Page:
Stern estate tussles with auction house

Canadian Jewish News 17 February 2011
By Janice Arnold

The fate of an Old Master painting that the estate of Max Stern claims was looted by the Nazis and is now in the hands of a German auction house remains in the air.

The executors of the estate and its beneficiaries, Concordia University, McGill University and the Hebrew University of Jerusalem, say the Cologne-based Lempertz auctioneers told them the painting was sold in November on condition. If the claimants produced sufficient evidence of ownership within 30 days, the sale would be annulled.

The estate did provide what it believes is proof, but it failed to make the deadline and was given to understand that the sale would go through. Its last communication with Lempertz was in late January.

On Feb. 9, Concordia, which heads the Stern art restitution project, issued a press release that said Lempertz had rejected the evidence and was proceeding with the sale, hoping the publicity would make the auction house change its mind.

It may have worked. Karl-Sax Feddersen told The CJN on Feb. 11 that the sale had been halted. The bad news for the estate now is that the consignor, an elderly German man, wants the painting back, and Lempertz has no choice but to comply under German law, Feddersen said.

Furthermore, the consignor has no interest in entering into negotiations with the estate to reach a settlement, he said. Lempertz, Feddersen said, tried unsuccessfully to convince him, but the painting was given to him some 50 years ago by his grandfather as a graduation present and has sentimental value. The man also claims the painting has been in his family since the 1920s.

The painting is Fish still life, shellfish, perch, pike, oyster and cat by the Flemish baroque artist Alexander Adriaenssen (1587-1661). It is not materially valuable. Feddersen said it might fetch between 4,000 to 5,000 euros. The conditional sale was for 1,000 euros.

The estate says the painting is among the more than 200 paintings that Stern, then a Dusseldorf gallery owner, was forced by the Nazis to liquidate in 1937. The auctioneer was the very same Lempertz.

Proving the claim has been complicated by the fact that the 1937 auction catalogue contained a description, but no illustration of the painting.

Feddersen said that the latest evidence that the estate provided appears to support the claim, and that’s why the sale was halted. He added that dealing with the estate has been difficult, because of its adamant position that the only acceptable settlement is handing over the painting without compensation to the person who believes he is the rightful owner.

Willi Korte, the Washington-based principal researcher for the Stern art restitution project, said Lempertz never put the estate in contact with the consignor of the Adriaenssen painting, and he was unaware of any attempts by the auction house to broker talks.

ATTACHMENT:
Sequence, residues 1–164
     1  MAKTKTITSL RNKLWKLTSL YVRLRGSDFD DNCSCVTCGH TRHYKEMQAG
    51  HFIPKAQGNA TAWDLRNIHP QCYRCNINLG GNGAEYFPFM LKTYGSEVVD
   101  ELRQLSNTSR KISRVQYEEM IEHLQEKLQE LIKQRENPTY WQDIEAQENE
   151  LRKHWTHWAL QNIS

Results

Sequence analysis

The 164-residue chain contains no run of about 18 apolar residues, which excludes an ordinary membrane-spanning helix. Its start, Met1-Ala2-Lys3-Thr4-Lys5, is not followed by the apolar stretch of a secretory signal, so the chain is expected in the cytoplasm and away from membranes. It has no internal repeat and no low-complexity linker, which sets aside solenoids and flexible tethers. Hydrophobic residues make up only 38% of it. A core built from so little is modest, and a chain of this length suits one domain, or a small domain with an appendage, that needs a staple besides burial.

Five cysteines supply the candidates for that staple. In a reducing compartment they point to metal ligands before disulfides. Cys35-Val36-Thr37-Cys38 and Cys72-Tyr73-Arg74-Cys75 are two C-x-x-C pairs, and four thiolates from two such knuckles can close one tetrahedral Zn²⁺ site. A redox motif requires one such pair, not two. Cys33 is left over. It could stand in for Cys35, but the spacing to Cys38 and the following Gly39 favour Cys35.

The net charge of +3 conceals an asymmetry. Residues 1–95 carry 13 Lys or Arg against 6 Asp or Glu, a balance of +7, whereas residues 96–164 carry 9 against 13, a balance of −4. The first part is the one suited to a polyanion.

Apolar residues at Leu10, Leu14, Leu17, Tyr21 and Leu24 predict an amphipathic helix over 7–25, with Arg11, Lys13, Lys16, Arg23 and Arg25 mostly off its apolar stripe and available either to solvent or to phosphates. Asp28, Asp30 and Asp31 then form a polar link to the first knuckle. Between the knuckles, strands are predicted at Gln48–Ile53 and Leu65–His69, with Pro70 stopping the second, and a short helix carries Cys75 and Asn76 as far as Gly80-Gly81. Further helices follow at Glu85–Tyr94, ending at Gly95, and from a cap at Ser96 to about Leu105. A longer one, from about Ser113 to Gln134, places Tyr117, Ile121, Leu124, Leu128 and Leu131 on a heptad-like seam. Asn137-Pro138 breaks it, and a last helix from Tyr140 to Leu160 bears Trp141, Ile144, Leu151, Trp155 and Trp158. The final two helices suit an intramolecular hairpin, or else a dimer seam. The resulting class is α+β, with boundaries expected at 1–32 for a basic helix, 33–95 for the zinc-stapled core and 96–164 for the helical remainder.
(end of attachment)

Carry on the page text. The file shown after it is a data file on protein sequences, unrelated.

“In 2009, the estate asked Lempertz to pull the painting from sale and work together to perform the required due diligence on the provenance and identification of what is believed to be the same painting lost to Dr. Stern at the hands of the Nazis through a forced sale in 1937 at the same auction house,” said restitution project head Clarence Epstein of Concordia.

Its researchers received the opinion of a leading authority on the artist that the painting sold in 1937 and the one currently with Lempertz are the same.

The Holocaust Claims Processing Office of the State of New York Banking Department also discovered that, prior to its arrival at the Galerie Stern in Dusseldorf, the painting was in the collection of Otto Jourdan in Frankfurt. It was established that the back of paintings in the Jourdan Collection all bore a distinct identification label.

“On the Adriaenssen painting currently with Lempertz, there is a visible faded area where a label once was affixed, which is a perfect match in location, size and shape with the Jourdan Collection labels. It is unclear when this label was removed and why,” Epstein said.

Concordia released two photos, one of the back of the Adriaenssen painting, showing where the label is missing, and another of a painting from the Jourdan Collection with the label affixed.

“This important finding and other consistencies surrounding the subject matter, artist’s signature and precise measurements, lead the estate to believe there is little doubt the painting is the same one that was auctioned off in the forced sale.”

Feddersen noted that the situation has been further complicated by the fact the Jourdan heirs have now also made a claim on the painting. They say the Galerie Stern never owned the painting and that it only held it on consignment.

Since 2008, when the Stern estate recovered a painting formerly in the collection of West German chancellor Konrad Adenauer, considerable inroads have been made with representatives of German private, public and corporate collections that hold Stern paintings looted during the Nazi period, Epstein noted.

Therefore, the Lempertz response until now has been particularly “disappointing.”

The estate expects to announce later this year that a number of other Stern paintings now in Germany will be returned.
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